People

Samuel Ajayi Crowther: from slave to Polyglot & first African Anglican Bishop

The word “polyglot” comes from Greek. “Poly” means “many” and “glot” means tongue. Greek was the first European language to use vowels. It is an Afroasiatic language written right to left originally like Hebrew. Almost every word that starts “ph” in English comes from Greek, along with 12% of all English words – 150,000 words. There are 600,000 words in English, 120,000 words in Yoruba, and no-one has ever counted the number of words in Latin or Greek. Within six years of banning the slave trade, a former slave had the opportunity to produce a bible fully translated into Yoruba, a guide to grammar for Nupe, Igbo and Yoruba, a Yoruba version of the Anglican Book of Common Prayer, receive a Doctor of Divinity from Oxford between 1861 and 1881, to become a polyglot, and become the first Anglican African bishop.

Dihya, Queen of the Berbers: the Wars against the Rashidun caliphate

The ancient indigenous people of North Africa, West of Egypt were of many tribes, and they were commonly referred to as the Berbers. Their lands were invaded several times, yet they managed to maintain their languages and their culture along with considerable military power. Among the invaders and conquerors of North Africa were the Phoenicians, …

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Kingdom of Buganda: Uganda’s 1000 year old Kingdom

A fallacy about African history is often repeated that political institutions were introduced by either Europeans or Arabs. With one 1,000 year old kingdom still in existence, we demonstrate that African stories are available to turn into documentaries, education and entertainment material from the Kingdom of Buganda.

5m Africans, Carribeans and Asians who fought in WW1 and WW2: Spotlight on Force Publique

“In 1914, the Germans and their allies went to war not just with Britain, but with the whole of the British Empire. Over 3 million soldiers and labourers from across the Empire and Commonwealth served alongside the British Army in the First World War. ” National Army Museum. How did the Force Publique help the Allies?

Gisèle Rabesahala: Visionary and A Human Rights Lawyer

Have you watched “Madagascar”, the cartoon? Seen the inhabitants? Seen it as the island of Lemurs? Have you ever bit the bullet and spent £3,000 for white beaches, fresh fish from the Indian Ocean and a private villa with concierge? When you think Madagascar, do you think “luxury holiday”, think “lemurs” or think Gisèle Rabesahala? Who is Gisèle Rabesahala?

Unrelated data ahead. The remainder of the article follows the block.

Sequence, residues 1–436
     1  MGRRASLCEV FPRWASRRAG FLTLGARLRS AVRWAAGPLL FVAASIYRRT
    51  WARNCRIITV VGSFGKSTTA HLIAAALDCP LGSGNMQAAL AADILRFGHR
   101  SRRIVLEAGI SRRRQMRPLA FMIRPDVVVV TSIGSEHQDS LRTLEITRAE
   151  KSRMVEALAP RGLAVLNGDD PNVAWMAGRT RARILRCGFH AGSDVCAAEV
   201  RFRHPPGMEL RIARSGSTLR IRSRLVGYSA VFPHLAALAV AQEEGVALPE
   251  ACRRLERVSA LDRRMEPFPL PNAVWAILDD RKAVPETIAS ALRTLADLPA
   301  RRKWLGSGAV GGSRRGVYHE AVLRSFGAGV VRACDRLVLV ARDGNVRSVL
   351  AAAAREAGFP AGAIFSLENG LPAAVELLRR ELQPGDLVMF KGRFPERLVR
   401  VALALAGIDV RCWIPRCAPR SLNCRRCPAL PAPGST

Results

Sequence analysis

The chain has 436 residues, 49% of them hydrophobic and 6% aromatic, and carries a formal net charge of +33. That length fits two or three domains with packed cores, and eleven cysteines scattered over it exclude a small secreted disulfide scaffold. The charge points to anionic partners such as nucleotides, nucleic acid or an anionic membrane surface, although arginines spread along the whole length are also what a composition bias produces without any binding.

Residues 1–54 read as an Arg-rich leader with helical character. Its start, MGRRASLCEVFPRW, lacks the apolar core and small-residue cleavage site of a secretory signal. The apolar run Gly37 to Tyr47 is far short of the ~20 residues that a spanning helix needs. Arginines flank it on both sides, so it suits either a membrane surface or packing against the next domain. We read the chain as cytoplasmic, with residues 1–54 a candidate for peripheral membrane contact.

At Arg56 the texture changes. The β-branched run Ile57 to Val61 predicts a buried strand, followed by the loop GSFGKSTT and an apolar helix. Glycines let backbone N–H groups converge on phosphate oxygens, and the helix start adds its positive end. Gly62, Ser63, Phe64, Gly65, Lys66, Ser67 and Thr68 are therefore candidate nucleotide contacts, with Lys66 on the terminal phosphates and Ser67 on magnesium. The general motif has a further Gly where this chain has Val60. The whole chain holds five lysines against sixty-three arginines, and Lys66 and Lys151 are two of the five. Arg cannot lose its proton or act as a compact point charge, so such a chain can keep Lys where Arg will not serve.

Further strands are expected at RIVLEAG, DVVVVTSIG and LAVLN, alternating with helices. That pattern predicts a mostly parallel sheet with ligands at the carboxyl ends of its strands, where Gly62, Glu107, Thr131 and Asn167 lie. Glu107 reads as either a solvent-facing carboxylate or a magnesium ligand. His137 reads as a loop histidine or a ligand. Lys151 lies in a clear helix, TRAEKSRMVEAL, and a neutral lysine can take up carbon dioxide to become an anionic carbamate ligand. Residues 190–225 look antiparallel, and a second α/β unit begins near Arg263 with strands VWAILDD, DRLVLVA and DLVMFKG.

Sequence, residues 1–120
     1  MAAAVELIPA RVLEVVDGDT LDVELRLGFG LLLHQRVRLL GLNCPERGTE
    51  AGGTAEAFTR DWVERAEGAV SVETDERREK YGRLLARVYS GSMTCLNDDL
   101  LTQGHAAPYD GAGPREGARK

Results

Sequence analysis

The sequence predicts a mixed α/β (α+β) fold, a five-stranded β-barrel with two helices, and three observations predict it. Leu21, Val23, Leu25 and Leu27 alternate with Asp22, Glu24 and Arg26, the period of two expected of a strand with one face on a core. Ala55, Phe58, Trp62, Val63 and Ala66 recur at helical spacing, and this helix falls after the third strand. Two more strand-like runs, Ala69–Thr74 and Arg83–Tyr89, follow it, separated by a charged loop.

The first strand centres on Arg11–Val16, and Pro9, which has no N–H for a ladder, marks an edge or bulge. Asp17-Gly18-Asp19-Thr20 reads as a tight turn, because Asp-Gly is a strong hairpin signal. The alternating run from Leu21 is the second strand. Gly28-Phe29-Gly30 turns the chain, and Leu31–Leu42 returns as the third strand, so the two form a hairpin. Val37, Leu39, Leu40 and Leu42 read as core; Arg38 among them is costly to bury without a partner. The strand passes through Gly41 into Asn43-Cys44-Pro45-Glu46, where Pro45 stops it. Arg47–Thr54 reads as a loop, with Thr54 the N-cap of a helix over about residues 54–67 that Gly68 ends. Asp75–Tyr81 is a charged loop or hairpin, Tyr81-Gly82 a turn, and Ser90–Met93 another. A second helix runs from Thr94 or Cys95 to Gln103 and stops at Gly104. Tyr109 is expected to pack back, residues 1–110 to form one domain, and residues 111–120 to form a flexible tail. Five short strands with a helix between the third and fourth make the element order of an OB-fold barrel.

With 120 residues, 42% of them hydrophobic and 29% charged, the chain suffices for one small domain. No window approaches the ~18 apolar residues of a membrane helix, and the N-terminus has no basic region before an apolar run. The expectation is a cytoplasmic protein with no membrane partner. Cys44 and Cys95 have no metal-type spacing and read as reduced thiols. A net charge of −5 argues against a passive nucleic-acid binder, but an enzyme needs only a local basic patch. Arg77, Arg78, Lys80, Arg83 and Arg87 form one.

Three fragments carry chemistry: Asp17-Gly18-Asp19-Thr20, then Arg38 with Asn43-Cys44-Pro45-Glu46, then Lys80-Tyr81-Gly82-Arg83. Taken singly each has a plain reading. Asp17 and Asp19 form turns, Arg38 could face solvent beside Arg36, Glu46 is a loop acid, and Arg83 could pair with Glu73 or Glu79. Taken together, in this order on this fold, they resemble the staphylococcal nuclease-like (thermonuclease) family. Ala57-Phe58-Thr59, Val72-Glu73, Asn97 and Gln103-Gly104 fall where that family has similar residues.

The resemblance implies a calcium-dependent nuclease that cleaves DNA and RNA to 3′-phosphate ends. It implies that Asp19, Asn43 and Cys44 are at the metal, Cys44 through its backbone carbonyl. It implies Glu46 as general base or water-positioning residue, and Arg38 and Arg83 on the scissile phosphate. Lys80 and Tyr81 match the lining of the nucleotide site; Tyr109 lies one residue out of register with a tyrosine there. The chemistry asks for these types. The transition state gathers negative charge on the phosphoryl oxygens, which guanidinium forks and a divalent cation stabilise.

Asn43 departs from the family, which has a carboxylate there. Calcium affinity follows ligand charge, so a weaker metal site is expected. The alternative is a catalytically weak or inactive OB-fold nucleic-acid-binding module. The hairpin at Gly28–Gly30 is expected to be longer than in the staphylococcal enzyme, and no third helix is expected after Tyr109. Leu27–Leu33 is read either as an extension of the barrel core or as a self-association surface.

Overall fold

Federation of Kwararafa (13th – 18th Century)

Africa is full of surprises. Most people visit Africa for safari parks and taking pictures of lovely animals from Range Rovers. But what if you could take a trip into the mind like inception – a journey through time and space. What if you could journey into your imagination and visit a sophisticated African state with no king, no concerns of external threats, a self-sufficient domestic economy, no economy dependent on slavery? Such a state existed.

Mamluk Sultanate (1250-1517 CE): Never let a Megalomaniac get in the way of beautiful architecture

Some civilisations sacrificed a work-life balance, art and architectural brilliance to focus on winning wars. One African dynasty found time to fight the Mongol empire and build insane works of beautiful architecture at the same time. “Mamluk” comes from the Arabic “owned” or slave. The Mamluk sultanate was created by slave soldiers and administrators that took over Egypt from the Ayyubid dynasty.

5m Africans, Carribeans and Asians who fought in WW1 and WW2: Spotlight on the German West Africa Askari (Schutztruppe)

Should Afro-Europeans wear the poppy? This question used to challenge me. Learning GCSE History (a UK secondary school grade), I heard about what sparked World War 1 and the lessons the government wanted the next generation to learn. “Those who don’t know their history are doomed to repeat it” George Santayana (16 December 1863 in Madrid, Spain – 26 September 1952 in Rome, Italy). And there! my interest in the past was sparked. I read. Interested in movies, along the way, I watched various films like Sergeant York, Dam Busters, Where Eagles Dare and sat through Lawrence of Arabia twice. In all this I grew to respect the past generation of Brits for their grit and sacrifice but I was never made to feel that “people who look like me” contributed anything to Britain’s survival or prosperity. Now, I know otherwise. Now, I know that it was a World War in the first place because Africa didn’t have self-rule on both sides of the war.

Wangari Maathai: A Professor, An Environmentalist and An Inspiration